Blinking of the eye is one of the unique way of resetting the eye. We are probably doing it everyday, but researchers have discovered a distinct newer way in which our eyes moves.
Team of researchers from the University of Tubingen in Germany has assessed movements of the eye by use of 11 subjects.
They have used tiny wires which were attached to the cornea and used infrared video tracking. Research of the same is published in eLife, in which they discovered a newer type of movement which is synchronised with blinking. Movement being discovered is helping for resetting the eye after it twists when viewing a rotating object.
Resetting of Eye:
This movement is quite similar to avoiding tiny rotations of the camera for stabilising the image being perceived. We are not able to notice the resetting of the eye in this way as it is being done automatically when we blink.
Lead Author Mohammad Khazali adding to the same says, “We were really surprised to discover this new type of eye movement and it was not what we had anticipated from the experiment. We had expected to find that another, already well known type of eye movement is synchronised to blinking.”
Thinking of it in brief, blinking is creating an interruption over the visual perception. According to one of the statistics, we are spending up to one tenth of the waking hours blinking but are noticing it hardly.
It serves an important role of lubricating the eye. It is also helping brain for obtaining small and frequent mental breaks.
tOKN: Similar to Blinking Operation
Scientists have sought out for investigating whether a reflexive and involuntary eye movement which is termed as torsional optokinetic nystagmus (tOKN) is occurring over the same way as blinking.
The theory was that this reflex is also creating a break in the visual system, while synchronising them for minimising downtime.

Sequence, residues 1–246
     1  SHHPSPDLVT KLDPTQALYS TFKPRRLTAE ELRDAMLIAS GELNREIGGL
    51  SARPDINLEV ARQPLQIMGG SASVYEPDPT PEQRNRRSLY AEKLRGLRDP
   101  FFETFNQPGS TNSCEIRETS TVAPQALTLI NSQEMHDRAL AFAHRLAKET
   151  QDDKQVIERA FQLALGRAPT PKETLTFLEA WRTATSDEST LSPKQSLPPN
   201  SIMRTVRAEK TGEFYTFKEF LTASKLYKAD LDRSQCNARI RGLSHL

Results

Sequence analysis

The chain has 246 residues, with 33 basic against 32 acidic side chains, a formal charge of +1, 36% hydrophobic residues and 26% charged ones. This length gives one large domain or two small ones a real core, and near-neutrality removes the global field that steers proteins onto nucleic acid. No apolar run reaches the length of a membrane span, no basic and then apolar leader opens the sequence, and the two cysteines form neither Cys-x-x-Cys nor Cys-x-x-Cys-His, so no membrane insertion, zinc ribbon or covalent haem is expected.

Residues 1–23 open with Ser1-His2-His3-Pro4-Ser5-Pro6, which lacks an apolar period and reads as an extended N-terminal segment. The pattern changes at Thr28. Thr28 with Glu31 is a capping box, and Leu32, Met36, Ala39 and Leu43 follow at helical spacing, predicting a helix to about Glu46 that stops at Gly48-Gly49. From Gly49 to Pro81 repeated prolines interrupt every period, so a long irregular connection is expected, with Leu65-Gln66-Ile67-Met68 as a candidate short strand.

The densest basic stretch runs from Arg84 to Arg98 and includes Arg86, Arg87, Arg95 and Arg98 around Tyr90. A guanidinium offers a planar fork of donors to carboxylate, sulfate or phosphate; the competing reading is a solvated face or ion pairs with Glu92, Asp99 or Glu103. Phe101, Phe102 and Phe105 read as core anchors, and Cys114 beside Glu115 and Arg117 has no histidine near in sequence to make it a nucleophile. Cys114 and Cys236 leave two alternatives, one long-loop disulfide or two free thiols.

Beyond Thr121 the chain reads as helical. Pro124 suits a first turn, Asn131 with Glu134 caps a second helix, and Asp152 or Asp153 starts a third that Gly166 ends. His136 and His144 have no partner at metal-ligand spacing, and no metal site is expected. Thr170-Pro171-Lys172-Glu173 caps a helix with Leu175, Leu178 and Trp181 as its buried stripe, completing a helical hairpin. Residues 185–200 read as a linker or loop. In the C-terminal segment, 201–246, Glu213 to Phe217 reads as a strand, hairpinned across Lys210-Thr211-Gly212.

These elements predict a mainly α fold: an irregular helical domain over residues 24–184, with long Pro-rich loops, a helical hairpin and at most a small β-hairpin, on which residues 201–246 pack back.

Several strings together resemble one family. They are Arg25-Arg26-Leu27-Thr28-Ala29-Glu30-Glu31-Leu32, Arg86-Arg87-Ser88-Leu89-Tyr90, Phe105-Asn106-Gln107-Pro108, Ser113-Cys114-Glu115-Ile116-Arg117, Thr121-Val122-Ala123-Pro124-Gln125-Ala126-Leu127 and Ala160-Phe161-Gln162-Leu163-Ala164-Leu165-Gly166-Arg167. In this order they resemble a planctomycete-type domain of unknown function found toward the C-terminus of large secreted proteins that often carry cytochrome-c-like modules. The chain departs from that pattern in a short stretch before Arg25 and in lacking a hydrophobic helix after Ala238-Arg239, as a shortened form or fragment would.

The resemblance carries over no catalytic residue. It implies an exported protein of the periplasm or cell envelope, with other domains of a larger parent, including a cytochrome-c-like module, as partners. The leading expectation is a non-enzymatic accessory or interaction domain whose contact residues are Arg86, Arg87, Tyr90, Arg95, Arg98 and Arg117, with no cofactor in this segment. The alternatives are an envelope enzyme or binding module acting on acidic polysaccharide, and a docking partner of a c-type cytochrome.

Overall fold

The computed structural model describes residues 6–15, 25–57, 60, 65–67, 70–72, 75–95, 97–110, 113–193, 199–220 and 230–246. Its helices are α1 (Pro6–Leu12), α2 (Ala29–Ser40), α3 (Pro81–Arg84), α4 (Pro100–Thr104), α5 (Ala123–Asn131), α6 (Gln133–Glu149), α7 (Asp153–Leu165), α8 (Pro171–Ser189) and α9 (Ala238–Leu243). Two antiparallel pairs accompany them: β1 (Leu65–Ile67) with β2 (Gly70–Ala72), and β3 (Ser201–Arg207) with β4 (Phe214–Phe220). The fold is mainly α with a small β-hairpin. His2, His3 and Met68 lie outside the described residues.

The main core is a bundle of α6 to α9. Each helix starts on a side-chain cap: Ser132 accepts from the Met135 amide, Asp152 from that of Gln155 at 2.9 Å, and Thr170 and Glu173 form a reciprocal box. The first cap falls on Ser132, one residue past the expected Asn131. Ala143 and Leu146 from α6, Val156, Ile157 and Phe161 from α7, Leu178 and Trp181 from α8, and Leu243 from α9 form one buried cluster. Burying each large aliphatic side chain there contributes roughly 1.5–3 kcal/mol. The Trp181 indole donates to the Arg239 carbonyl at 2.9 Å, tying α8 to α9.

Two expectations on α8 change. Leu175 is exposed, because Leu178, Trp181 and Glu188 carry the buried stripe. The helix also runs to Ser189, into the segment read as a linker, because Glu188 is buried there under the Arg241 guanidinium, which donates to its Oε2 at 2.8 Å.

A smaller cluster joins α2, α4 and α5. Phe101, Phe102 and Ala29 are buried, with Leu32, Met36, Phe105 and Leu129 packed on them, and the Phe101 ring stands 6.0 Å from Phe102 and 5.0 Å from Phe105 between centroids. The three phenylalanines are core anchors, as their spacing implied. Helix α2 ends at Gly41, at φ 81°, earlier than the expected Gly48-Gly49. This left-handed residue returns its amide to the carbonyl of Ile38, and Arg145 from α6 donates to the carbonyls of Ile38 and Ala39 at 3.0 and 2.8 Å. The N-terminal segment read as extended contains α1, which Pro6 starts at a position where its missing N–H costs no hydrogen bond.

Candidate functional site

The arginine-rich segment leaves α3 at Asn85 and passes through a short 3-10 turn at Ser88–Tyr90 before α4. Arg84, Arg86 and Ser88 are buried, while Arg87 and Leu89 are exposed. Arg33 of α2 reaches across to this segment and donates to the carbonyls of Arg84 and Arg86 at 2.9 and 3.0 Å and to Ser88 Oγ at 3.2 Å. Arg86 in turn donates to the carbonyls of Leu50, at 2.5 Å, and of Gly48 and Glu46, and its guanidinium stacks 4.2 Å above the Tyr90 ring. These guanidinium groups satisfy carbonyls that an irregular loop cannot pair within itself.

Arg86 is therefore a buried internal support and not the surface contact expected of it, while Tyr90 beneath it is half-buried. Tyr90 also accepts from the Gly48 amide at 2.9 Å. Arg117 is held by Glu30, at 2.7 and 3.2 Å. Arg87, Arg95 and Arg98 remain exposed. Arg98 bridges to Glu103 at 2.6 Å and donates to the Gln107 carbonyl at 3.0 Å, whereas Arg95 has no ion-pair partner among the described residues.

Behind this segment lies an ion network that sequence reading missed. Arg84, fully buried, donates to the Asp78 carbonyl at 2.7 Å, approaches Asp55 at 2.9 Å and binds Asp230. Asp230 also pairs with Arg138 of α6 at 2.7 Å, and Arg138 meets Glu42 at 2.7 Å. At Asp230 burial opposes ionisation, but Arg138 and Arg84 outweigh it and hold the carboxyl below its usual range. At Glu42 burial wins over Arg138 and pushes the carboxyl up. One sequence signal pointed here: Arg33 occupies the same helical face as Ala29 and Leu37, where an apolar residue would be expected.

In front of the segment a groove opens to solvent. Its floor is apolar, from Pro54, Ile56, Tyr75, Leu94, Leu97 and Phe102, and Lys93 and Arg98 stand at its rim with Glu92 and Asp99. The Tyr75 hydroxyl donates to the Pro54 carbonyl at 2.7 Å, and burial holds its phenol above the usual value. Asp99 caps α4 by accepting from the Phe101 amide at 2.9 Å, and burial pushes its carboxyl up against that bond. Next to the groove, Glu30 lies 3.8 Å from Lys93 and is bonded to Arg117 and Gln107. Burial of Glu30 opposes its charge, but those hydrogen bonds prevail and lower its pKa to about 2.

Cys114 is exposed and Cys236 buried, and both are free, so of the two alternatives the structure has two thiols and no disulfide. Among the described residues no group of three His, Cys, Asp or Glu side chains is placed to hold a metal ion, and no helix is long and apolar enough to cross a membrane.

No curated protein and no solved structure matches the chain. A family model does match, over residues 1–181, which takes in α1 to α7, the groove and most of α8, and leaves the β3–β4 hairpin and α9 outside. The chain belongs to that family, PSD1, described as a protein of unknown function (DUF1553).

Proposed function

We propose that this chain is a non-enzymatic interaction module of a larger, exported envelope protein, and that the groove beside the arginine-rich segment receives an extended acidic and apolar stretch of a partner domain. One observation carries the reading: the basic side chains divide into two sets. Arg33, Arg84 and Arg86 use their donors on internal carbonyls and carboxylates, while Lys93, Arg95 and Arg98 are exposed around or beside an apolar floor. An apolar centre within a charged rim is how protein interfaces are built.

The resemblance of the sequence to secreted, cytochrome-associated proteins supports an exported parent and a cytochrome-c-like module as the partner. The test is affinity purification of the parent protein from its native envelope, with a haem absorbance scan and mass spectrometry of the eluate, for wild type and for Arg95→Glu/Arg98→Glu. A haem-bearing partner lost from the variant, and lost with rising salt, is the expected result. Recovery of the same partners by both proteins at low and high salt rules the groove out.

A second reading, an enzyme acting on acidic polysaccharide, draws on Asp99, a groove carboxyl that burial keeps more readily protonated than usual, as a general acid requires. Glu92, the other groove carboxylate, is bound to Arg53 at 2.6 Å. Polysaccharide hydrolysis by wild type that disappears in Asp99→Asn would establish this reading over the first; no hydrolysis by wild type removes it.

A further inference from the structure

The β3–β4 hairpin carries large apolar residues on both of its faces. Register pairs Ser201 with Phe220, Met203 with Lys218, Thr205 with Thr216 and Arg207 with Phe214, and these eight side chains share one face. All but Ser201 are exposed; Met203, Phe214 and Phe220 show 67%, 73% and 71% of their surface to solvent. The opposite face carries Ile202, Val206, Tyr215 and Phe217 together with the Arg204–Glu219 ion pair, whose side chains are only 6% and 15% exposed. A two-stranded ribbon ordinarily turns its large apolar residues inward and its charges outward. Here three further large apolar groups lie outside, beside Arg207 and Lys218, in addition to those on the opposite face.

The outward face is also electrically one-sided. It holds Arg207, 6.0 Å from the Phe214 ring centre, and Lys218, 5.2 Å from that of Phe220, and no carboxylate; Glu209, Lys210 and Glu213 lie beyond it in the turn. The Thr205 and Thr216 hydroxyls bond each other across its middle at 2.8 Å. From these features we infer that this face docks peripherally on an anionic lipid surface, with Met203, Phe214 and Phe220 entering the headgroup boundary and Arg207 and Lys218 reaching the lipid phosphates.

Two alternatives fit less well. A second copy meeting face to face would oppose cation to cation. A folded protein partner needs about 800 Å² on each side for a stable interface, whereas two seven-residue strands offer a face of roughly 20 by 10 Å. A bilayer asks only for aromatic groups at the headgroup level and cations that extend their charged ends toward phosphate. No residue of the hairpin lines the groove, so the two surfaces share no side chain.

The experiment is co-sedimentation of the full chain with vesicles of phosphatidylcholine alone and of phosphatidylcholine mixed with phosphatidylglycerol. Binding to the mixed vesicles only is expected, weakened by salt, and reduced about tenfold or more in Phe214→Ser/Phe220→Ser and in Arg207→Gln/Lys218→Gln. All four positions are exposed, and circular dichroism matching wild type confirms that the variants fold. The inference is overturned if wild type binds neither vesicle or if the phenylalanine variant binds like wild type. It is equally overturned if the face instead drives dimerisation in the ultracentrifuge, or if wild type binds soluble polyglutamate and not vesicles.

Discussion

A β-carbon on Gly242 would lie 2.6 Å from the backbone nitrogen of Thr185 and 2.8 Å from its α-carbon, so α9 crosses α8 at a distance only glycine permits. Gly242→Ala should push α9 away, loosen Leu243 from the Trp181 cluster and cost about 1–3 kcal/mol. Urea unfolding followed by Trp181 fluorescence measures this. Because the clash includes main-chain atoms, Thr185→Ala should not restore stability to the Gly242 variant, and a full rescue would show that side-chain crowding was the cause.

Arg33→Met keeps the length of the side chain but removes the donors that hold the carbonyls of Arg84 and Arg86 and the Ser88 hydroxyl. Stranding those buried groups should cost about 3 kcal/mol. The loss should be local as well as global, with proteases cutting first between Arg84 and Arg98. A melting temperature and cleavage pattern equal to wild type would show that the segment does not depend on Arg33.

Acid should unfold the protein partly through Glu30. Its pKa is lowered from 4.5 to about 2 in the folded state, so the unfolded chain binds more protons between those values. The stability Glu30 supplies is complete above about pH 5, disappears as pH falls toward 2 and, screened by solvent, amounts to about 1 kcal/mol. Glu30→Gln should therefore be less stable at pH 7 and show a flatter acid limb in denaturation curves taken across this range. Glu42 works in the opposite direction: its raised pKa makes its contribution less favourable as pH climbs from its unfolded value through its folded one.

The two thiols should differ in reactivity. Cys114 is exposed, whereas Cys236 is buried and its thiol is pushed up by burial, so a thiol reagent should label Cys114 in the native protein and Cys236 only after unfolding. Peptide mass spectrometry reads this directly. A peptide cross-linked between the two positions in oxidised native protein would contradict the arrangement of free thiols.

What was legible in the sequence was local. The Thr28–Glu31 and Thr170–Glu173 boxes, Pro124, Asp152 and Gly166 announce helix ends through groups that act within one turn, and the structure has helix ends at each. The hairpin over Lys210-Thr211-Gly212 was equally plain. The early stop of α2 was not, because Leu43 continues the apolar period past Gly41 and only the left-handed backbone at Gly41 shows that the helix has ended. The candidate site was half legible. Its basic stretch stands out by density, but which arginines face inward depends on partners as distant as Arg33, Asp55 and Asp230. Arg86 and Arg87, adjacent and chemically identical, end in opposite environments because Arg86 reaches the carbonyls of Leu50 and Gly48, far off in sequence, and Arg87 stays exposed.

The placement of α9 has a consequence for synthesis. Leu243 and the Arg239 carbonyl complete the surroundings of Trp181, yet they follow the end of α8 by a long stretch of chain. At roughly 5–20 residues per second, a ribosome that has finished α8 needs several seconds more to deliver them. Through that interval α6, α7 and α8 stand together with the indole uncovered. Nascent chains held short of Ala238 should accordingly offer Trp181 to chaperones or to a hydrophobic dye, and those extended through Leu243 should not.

Eye movements of the subjects were tracked when they were viewing a rotating pattern of dots. As their eyes twisted while following the dots, they were frequently reset via tOKN.
It was done to avoid moving beyond the mechanical limits of the eye muscles. Yet, this resetting was quite imperfect and eyes gradually twisted until the muscles couldn’t twist further.
This varied among the subjects from three to eight degrees of rotation.
Once they reaches the maximum limit, eyes got reset so they no longer twisted further. This happened at the same time as that of the blinking process.
This newly discovered movement is called by the scientists as blink associated resetting movement (BARM).
Eye: Tracking the Rotating Object
Khazali adding to the same says, “The eye’s sharpest vision is enabled by a spot on the light-sensitive sheet of the retina called the fovea and this needs to stay balanced to ensure objects of interest can be scrutinised in an optimum way.”
Frequency and size of the movement is determined by how far the eyes are being deviated from the neutral position. It will be helping in reducing the strain over the eyes as they move for assessing the world around us.
In the further experiments, scientists have discovered that it even occurs when eye is not tracking the rotating object. Khazali says, “To discover such a ubiquitous phenomenon in such a well-studied part of the human body was astonishing to us and we’re very grateful to the volunteers who took part in the study.”